Debra Zafiropoulosat was going about her daily work as a dental hygienist when she noticed a white spot on the lip of one of her patients. That’s not her usual territory — normally dental hygienists focus on the teeth and gums — but it didn’t stop Debra from mentioning it to the woman.
It was a good thing she did, too. The woman had it checked out and biopsied, and it turned out to be mouth cancer. This story has a happy ending, though. Thanks to Debra’s fast thinking, the cancer was treated before it could go any further than that one spot.
When Debra recounted this story to the dental hygienists at a recent event hosted by Dr. Lindsay Limbaugh of Limbaugh Orthodontics, she knew the other women and one man in attendance would understand why it was so important to check everything out.
While it wasn’t a tooth or gum problem exactly, it could have easily led to much more severe health problems.
“They do oral screenings for that, so they may be able to save a life,” Dr. Limbaugh said. “Oftentimes they take blood pressure to make sure everything is okay there. Of course, it may be sky high if the patient is scared.”
Once a year, Dr. Limbaugh hosts a special night for all the area dental hygienists. This year they went to Cyn Shea’s for a night of chips, salsa and even a cerveza or two.
The night always includes a speaker, someone whose talk qualifies for the continuing education credits dental hygienists must get each year.
It’s the least they can do for the people who keep dentists’ offices up and running throughout the year.
While Dr. Limbaugh doesn’t have hygienists in her orthodontics office, she’s eternally thankful to the ones who work in dentists offices and keep her patients’ teeth clean between braces and retainers.
“They’re the ones that are with the dental patient the longest,” Dr. Limbaugh said. “They have to do a thorough job, but at the same time, make sure that the patient has a good experience in the chair.”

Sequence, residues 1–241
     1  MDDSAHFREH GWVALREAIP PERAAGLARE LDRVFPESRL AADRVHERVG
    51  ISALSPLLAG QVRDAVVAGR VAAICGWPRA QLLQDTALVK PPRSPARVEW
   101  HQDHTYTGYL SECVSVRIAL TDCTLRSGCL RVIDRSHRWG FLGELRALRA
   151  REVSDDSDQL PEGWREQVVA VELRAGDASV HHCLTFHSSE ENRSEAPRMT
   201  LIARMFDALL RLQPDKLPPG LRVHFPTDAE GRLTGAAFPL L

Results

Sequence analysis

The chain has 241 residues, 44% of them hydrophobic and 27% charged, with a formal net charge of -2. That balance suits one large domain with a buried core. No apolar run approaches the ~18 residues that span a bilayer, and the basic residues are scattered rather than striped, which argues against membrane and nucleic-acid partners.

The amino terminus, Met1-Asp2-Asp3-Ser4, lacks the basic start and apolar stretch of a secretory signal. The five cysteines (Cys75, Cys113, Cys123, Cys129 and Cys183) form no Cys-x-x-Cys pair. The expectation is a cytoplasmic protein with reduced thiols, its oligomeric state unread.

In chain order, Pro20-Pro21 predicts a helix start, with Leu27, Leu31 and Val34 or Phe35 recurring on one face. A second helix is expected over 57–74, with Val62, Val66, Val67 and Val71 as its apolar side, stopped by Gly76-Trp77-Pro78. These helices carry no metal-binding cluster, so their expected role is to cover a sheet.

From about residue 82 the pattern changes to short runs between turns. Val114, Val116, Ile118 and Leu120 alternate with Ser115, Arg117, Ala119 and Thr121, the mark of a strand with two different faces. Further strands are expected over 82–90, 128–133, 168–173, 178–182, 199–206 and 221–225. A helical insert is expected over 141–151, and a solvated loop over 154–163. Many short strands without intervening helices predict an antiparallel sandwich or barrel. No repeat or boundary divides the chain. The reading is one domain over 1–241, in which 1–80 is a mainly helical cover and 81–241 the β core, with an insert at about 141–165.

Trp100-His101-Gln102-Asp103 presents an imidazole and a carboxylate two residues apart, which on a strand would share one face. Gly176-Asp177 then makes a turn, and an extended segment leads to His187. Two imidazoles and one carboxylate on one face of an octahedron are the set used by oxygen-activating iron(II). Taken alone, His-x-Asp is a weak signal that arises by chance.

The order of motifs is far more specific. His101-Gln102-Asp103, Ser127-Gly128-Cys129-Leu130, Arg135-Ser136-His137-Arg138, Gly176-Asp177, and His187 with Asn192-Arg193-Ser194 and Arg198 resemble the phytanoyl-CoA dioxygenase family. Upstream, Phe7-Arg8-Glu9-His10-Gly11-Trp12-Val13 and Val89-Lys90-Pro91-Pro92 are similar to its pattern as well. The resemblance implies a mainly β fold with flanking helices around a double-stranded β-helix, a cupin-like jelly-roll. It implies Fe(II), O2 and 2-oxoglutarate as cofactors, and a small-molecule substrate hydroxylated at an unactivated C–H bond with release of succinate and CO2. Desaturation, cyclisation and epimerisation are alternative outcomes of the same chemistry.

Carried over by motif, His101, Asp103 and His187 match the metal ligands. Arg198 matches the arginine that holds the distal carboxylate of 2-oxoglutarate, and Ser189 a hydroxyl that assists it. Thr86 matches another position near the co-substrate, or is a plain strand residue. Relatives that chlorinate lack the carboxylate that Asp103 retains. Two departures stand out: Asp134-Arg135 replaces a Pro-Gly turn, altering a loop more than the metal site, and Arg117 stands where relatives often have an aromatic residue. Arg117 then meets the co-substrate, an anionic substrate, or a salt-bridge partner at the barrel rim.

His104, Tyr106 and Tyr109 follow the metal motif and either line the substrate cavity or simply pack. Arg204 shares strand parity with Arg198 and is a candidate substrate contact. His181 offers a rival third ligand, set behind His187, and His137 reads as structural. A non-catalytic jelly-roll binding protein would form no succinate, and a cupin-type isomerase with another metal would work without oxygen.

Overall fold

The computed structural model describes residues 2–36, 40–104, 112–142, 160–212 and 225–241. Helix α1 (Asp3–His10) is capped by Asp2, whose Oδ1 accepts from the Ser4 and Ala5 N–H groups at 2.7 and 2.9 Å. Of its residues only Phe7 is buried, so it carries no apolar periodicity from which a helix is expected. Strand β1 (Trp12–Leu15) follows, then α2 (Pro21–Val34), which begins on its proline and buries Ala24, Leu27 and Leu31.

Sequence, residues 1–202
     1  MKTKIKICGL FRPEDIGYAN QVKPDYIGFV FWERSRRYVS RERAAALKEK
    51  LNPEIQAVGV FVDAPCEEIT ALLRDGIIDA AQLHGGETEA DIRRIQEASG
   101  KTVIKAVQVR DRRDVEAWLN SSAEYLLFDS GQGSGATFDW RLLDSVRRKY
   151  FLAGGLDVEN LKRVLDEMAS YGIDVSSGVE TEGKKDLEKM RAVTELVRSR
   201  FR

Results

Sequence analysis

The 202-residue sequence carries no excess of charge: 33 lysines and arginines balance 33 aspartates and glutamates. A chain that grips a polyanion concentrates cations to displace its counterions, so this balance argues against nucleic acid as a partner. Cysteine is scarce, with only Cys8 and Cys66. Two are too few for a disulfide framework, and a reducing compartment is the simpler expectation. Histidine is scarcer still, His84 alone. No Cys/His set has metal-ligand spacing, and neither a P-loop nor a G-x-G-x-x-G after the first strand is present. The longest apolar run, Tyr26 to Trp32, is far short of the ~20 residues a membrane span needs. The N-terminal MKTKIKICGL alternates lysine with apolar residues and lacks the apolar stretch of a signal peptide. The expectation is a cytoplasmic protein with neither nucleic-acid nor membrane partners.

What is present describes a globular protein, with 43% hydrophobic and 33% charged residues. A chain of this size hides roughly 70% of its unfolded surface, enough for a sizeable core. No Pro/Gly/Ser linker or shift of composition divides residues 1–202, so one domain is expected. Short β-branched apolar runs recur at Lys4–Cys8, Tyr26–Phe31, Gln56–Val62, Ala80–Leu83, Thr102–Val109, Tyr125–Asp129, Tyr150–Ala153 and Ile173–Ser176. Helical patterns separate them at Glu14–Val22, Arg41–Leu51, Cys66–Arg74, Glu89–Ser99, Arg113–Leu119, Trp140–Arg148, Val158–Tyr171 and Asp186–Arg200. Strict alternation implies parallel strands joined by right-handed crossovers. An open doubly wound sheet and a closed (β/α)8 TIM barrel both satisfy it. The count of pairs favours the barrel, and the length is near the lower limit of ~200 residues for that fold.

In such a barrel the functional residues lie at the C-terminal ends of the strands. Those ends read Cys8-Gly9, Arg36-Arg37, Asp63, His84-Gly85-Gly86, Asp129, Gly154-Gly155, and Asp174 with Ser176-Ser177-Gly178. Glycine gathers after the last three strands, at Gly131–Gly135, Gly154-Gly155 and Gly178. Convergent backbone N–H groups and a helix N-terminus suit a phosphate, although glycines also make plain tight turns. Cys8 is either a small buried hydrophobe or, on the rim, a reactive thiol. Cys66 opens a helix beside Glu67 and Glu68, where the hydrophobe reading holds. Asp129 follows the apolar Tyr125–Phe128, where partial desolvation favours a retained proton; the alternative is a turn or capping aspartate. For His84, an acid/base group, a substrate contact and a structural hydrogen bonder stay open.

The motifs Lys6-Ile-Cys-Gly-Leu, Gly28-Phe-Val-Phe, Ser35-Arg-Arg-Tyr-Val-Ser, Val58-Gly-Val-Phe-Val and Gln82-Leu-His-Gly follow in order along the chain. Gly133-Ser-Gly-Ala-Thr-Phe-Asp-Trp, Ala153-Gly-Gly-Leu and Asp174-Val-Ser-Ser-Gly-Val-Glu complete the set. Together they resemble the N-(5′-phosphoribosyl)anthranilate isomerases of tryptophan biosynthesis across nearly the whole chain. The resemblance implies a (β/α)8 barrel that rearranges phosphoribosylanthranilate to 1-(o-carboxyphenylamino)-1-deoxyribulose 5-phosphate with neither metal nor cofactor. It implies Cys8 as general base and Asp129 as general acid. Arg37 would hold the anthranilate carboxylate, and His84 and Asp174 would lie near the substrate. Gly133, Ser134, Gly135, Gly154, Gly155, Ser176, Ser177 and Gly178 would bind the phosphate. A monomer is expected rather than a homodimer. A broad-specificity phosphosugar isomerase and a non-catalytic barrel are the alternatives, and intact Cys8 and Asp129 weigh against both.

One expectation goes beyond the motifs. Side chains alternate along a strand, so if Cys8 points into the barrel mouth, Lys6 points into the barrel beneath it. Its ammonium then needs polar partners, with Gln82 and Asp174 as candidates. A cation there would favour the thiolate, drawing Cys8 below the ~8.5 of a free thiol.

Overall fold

Flossing and Phobias
There are some careers that are imperative and thankless all at the same time — like nurses, veterinary aides, administrative assistants and dental hygienists. The majority of patients spend more time with the hygienist than with the actual dentist, but hygienists are often overlooked when it comes time to say thank you.
Dr. Limbaugh wants the yearly celebration to assure all of them that they are appreciated.
Think about this: Dental hygienists have to see people who brush and floss regularly, and they also have to see the ones who don’t ever pick up a toothbrush. According to one survey, only half of Americans floss daily, and only 49 percent of men brush their teeth twice a day. That’s a lot of teeth that go dirty for long periods at time.
On top of that, the hygienists are responsible for dealing with people who have odontophobia — fear of the dentist — a condition that affects roughly 15 percent of the population.
“There are so many people that are afraid to go to the dentist,” Dr. Limbaugh said. “So, if they can find a dental hygienist that they trust and that they like, they are so much more willing to go there and be able to take care of their teeth … Taking care of your oral health is related to so many other diseases that are linked.”
That’s weird, but true. Part of Debra’s presentation was on the other diseases that are a result of bad dental hygiene, like heart disease, dementia and diabetes.
The Limbaugh Orthodontics staff sends out invitations to dental hygienists all over the area inviting them to one night of networking, learning and lighthearted fun, according to Dr. Limbaugh.
And this year, it was all smiles (pun emphatically intended) when they realized just how many door prizes there were to hand out. Local businesses donated gifts of everything from boutique clothes to gift certificates for Botox.
There are male dental hygienists, but the majority are female. That’s something Dr. Limbaugh relates to as a fellow working mother.
“When you are a mom and a wife, you go to work and then you tend to your family,” Dr. Limbaugh said. “This is a good time for them to get together.”
So the next time you’re attempting to relax in a dentists chair, be sure to thank the dental hygienist before you go. Just don’t try to do it while they’re working. If your hygienist is knuckle-deep in your mouth, all your appreciative attempts may not be understood.
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